Among his numerous accomplishments—artist, inventor, naturalist, museum proprietor, co-founder of the Pennsylvania Academy, and patriarch of an artistic dynasty —Peale was also a soldier in the War of Independence. In spite of his abhorrence of violence, Peale’s desire for a free America compelled him to enlist. He rose to the rank of Captain, striving to ease his troop’s hardships during the hard winter at Valley Forge. Intelligent and energetic, Peale even managed to further his nascent painting career during the war, executing miniature portraits, including one of General George Washington; it would be the first of at least four more portrait sittings with the future first president.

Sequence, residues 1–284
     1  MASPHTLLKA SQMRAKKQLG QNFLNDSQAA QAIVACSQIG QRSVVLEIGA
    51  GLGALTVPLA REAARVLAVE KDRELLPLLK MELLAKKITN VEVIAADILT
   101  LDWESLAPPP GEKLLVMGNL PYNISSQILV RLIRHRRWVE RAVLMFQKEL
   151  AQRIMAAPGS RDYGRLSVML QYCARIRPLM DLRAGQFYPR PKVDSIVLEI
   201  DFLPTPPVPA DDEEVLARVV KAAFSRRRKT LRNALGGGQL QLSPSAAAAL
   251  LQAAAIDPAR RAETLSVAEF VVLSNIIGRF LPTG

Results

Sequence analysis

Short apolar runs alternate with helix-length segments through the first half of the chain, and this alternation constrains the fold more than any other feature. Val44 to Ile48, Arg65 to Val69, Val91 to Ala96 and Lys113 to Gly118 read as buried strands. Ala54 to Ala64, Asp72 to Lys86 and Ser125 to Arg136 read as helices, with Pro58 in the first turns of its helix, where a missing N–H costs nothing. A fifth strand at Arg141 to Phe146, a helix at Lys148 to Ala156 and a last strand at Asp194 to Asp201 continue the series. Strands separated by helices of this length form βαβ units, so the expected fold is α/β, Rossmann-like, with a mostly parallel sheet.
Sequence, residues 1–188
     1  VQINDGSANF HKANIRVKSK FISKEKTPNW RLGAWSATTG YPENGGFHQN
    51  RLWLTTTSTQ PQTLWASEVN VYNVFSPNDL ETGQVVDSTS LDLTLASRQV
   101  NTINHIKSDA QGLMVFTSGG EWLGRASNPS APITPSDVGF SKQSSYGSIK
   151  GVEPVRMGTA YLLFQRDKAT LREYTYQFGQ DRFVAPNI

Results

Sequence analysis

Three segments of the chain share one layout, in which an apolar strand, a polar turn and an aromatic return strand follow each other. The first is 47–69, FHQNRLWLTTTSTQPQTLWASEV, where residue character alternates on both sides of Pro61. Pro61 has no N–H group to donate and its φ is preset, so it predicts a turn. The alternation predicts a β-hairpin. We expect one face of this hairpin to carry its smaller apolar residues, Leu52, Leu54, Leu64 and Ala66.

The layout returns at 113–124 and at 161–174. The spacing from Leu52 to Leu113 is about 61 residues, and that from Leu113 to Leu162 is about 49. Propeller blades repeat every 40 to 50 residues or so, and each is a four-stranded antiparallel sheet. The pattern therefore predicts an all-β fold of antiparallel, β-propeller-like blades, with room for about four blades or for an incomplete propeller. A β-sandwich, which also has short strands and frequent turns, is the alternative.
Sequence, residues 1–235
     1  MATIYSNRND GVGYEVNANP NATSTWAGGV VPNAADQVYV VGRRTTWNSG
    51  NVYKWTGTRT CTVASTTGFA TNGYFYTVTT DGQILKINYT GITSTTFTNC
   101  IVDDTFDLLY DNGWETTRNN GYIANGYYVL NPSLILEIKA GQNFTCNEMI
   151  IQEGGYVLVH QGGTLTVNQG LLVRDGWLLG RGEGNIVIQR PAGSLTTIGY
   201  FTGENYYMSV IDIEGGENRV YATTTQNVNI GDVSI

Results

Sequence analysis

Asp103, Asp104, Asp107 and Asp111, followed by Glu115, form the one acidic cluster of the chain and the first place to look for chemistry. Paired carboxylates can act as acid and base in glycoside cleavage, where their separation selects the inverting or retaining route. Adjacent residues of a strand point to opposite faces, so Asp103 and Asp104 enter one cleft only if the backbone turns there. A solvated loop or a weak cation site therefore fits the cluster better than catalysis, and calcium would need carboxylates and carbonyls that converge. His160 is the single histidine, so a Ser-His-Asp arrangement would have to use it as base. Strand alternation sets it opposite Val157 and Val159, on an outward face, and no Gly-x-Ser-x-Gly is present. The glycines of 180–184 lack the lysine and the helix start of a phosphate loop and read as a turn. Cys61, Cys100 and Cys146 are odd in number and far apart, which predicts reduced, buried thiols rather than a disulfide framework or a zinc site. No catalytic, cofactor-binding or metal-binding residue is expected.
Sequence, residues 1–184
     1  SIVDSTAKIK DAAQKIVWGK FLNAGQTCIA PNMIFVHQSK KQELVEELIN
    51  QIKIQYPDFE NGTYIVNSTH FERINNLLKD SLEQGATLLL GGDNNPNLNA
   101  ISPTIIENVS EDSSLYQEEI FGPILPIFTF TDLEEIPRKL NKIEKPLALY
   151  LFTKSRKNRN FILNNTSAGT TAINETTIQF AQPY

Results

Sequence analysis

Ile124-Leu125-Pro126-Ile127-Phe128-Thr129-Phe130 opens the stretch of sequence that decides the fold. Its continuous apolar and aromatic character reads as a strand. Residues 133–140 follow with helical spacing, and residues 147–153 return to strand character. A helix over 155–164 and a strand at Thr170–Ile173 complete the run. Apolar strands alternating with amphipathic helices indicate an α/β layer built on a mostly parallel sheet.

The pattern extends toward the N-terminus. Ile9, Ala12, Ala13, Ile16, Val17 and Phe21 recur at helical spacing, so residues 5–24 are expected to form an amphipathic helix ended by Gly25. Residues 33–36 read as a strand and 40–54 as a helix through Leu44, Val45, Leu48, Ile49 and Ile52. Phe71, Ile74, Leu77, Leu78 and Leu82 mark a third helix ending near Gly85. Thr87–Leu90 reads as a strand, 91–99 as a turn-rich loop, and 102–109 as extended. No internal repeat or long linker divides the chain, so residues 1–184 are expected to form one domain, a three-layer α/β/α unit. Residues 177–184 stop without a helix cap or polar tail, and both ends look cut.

This work is the third of Peale’s portraits of Washington from life, commissioned by the Supreme Executive Council of Philadelphia to commemorate victory in the battles of Princeton and Trenton, in which the British, and their Hessian mercenaries, were successfully routed from Pennsylvania, New Jersey, and New England. Here, midway through the Revolution, Washington is portrayed as Commander-in-Chief, signified by the blue sash he wears, prisoners of war and Princeton College visible in the background. The commission was a tremendous coup for Peale, and replicas were in demand even before the portrait was finished; this painting is known to be the original work. "George Washington at Princeton" originally hung in the State House (now Independence Hall), but eventually came to hang in Peale’s Museum, and later the Academy.